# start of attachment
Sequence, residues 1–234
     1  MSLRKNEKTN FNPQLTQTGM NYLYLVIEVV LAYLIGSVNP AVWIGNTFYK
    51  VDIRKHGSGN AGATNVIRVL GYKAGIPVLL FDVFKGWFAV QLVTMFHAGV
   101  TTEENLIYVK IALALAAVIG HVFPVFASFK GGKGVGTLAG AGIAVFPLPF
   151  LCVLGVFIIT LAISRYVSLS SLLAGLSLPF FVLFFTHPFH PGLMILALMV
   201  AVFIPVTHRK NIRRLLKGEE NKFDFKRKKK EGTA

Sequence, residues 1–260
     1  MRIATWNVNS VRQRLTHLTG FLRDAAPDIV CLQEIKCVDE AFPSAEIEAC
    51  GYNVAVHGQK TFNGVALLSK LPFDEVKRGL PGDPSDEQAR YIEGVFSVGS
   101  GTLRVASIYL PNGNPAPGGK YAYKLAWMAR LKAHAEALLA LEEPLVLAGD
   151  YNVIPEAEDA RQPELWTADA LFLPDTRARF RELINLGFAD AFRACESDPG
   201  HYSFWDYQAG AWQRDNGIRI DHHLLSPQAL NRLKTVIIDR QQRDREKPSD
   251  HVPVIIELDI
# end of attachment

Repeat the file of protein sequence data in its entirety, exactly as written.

Sequence, residues 1–234
     1  MSLRKNEKTN FNPQLTQTGM NYLYLVIEVV LAYLIGSVNP AVWIGNTFYK
    51  VDIRKHGSGN AGATNVIRVL GYKAGIPVLL FDVFKGWFAV QLVTMFHAGV
   101  TTEENLIYVK IALALAAVIG HVFPVFASFK GGKGVGTLAG AGIAVFPLPF
   151  LCVLGVFIIT LAISRYVSLS SLLAGLSLPF FVLFFTHPFH PGLMILALMV
   201  AVFIPVTHRK NIRRLLKGEE NKFDFKRKKK EGTA

Sequence, residues 1–260
     1  MRIATWNVNS VRQRLTHLTG FLRDAAPDIV CLQEIKCVDE AFPSAEIEAC
    51  GYNVAVHGQK TFNGVALLSK LPFDEVKRGL PGDPSDEQAR YIEGVFSVGS
   101  GTLRVASIYL PNGNPAPGGK YAYKLAWMAR LKAHAEALLA LEEPLVLAGD
   151  YNVIPEAEDA RQPELWTADA LFLPDTRARF RELINLGFAD AFRACESDPG
   201  HYSFWDYQAG AWQRDNGIRI DHHLLSPQAL NRLKTVIIDR QQRDREKPSD
   251  HVPVIIELDI